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"what's standard deviation, why do I care, I want to look at the

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return." But this second piece is actually what allows us to

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determine what normal is. Normal means that in any one year, the

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range of possible returns that should happen the majority of

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the time should be anywhere from positive 22% in this example. So

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10% long term return plus the 12%, standard deviation, and

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negative 2%. So 10% positive return minus the 12% standard

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deviation. So basically, two out of every three years should fall

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within this range, meaning falling outside of this range

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once every three years is also normal. So that range is two out

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of three years, it should happen one out of three years, it does

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not happen, right? That would be normal. Now, if you extend this

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out to two standard deviations, so we do 10 plus 24, and 10

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minus 24. Now this range, which is positive 34% and negative

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14%, this is what should happen 95% of the time statistically.

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Again, this is what normal is so nine and a half out of 10 years,

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it should fall within this range.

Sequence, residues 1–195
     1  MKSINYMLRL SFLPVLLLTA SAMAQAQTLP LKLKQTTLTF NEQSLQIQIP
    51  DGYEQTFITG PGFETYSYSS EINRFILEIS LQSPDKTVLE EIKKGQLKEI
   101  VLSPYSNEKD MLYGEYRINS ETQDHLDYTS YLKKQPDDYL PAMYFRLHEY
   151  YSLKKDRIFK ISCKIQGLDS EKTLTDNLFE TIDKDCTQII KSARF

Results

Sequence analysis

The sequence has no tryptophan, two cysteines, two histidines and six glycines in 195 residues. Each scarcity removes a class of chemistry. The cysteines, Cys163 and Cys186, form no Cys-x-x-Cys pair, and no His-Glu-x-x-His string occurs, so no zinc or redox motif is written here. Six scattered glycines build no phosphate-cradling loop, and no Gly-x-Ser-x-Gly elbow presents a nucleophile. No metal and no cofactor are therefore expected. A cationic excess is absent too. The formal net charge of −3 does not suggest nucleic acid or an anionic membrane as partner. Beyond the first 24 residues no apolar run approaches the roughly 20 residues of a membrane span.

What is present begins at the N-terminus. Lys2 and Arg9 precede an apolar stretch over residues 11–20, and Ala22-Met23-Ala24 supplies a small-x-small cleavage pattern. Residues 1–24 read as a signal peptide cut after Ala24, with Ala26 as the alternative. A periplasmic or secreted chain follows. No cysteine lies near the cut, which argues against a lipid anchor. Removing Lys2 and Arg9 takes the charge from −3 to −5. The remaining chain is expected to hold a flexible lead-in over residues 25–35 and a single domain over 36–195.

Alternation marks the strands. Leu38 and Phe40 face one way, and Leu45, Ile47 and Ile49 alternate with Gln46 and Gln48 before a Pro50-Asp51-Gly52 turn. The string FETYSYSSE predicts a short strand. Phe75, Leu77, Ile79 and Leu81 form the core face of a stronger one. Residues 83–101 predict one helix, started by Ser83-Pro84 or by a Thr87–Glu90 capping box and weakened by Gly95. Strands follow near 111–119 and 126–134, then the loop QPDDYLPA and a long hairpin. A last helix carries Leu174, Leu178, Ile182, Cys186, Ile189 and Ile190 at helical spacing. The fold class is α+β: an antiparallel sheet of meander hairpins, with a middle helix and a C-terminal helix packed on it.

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So when you get to a year with this portfolio goes down 12%,

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you could say that is actually normal. This should happen once

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roughly out of every 10 to 11 years. Now do you want your

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account to go down 12%? Of course not. Nobody wants that.

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But if we look at what normal is ahead of time, then we can be

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better prepared to cope with those downs emotionally, when

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they do eventually happen. We don't want to freak out

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underwater like the scuba diver and run out of air. And as the

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time period gets shorter, that range of possible returns

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increases. So the range for what can happen in any one month is

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much more than what can happen over say a 15 year period of

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time. If we go all the way back to 1970 and we look at that

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period of time from 1970 to today, March of 2022, the

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largest single monthly decline in the market was over 21%. It

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went down over 21% in just one month. The worst 15 year period,